More legal filings were made in the lawsuit Centre County District Attorney Stacy Parks Miller filed in March against the county, local attorneys and their law offices as a hearing in the matter nears.
A hearing in the suit is scheduled before Huntingdon County Senior Judge Stewart L. Kurtz for 9 a.m. May 13 on the third floor of the Courthouse Annex. Lawyers for co-defendants in the suit, local attorneys Bernard Cantorna and Sean McGraw, each made filings in response to the suit Thursday.
Cantorna’s filing asks the court to dismiss him from the suit using similar arguments made by McGraw in another filing last week. Cantorna alleges that Parks Miller’s suit seeks to “restrain public criticism of her conduct in office.” Parks Miller is seeking the return of phone records she claims the county illegally released to the two attorneys and the destruction of any copies. Cantorna maintains that the public has the right to examine and maintain possession of the records, and destroying or returning them would violate the First Amendment.
Parks Miller initially filed her suit March 23. She alleges that commissioners Steve Dershem and Chris Exarchos, Administrator Tim Boyde and solicitor Louis Glantz, who shares an office with Cantorna, acted in conspiracy with Cantorna and McGraw to embarrass her and drive her from office.
In the filing made on behalf of McGraw and the law office he works for, Andrew Shubin’s firm, attorney Ron Barber denies involvement in any conspiracy but rather that McGraw acted because he was compelled by an obligation to his clients and to the court to present the matters on their behalf, and to challenge an “apparent breakdown” in integrity of court processes.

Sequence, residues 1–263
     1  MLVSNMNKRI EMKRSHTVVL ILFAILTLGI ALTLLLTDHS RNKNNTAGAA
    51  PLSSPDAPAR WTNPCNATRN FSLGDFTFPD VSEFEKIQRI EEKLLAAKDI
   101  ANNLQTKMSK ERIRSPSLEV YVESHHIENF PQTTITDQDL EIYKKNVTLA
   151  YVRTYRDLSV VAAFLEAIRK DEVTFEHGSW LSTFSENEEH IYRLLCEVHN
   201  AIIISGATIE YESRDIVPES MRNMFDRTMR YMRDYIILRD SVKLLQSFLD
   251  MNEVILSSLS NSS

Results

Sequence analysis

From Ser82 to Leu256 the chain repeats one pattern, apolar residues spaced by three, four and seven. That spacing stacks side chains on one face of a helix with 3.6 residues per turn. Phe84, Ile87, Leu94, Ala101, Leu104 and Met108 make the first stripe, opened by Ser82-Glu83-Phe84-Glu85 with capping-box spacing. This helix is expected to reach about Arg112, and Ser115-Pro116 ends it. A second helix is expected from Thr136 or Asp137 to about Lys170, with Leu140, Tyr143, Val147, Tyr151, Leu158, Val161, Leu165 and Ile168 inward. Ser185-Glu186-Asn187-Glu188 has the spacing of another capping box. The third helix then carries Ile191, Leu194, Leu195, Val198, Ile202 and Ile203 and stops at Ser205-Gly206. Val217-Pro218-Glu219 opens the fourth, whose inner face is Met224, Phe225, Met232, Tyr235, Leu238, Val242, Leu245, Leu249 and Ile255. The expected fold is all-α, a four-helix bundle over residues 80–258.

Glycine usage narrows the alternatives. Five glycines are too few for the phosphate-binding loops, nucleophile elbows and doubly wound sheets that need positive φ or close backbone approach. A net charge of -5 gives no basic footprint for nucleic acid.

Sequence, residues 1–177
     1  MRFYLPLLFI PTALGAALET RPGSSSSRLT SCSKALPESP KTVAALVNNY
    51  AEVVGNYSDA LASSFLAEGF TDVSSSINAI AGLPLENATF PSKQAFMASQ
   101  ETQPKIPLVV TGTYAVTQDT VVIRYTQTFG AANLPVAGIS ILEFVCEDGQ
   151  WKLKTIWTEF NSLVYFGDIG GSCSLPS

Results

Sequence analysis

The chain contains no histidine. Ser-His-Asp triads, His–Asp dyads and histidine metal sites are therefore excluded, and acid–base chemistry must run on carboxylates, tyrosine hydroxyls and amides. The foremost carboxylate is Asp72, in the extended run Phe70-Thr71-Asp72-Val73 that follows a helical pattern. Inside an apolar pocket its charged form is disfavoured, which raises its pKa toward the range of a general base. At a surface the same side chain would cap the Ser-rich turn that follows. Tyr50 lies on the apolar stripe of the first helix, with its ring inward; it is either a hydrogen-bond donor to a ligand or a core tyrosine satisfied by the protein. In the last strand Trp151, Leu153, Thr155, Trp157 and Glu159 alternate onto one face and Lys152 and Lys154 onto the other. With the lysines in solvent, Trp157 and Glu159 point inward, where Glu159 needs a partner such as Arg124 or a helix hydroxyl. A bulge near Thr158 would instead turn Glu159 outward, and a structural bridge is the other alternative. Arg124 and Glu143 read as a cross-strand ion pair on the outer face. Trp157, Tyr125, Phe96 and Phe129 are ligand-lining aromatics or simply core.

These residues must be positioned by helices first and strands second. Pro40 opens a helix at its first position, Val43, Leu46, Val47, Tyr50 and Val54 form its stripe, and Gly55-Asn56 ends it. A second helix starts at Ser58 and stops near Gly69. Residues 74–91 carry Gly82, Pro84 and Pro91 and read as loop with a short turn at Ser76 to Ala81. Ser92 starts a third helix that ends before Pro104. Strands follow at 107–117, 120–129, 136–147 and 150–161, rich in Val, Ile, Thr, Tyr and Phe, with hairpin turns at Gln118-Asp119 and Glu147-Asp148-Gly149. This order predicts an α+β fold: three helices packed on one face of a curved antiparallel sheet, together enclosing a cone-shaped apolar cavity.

If anyone was embarrassed by the disclosure of the records, it is because they are of legitimate public interest and a topic for debate and discussion, the filing states.
Cantorna, Glantz and the commissioners have also denied any conspiracy.
Parks Miller claims that county officials illegally released phone records to the lawyers in response to Right-to-Know requests filed through county government. Both attorneys used the records — which indicate that texts and phone calls took place between Parks Miller and some of her assistants and members of the county judiciary — in court filings that allege the communications present issues of partiality, bias and due process violations against Cantorna’s client, Jalene McClure, and McGraw’s client, Justin Blake.
The records released did not offer the content of the calls and texts, though Parks Miller has said that she and her assistants have to be in contact with judges for a variety of reasons, like arrests and search warrants.
Parks Miller maintains the county violated the state Right-to-Know Law and her privacy rights by disclosing the records, which contain redacted phone numbers.
In addition to asking for the return and destruction of the records, Parks Miller is also asking the county be prohibited from releasing similar records in the future and also monetary damages and attorney’s fees.
Cantorna and McGraw have also factored in forgery allegations made against Parks Miller in January. During the public comment portion of the Jan. 20 commissioners meeting, Cantorna presented commissioners with a sworn affidavit from Michelle Shutt, a former paralegal in Parks Miller’s office, that alleged the district attorney forged the name of Judge Pamela Ruest on a court order. McGraw is Shutt’s attorney.
McGraw is also a co-defendant in a similiar lawsuit filed against the county by District Judge Kelley Gillette-Walker. A ruling is still pending in that suit and another filed against the county by Common Pleas Judge Jonathan D. Grine after a hearing also heard by Kurtz in early April.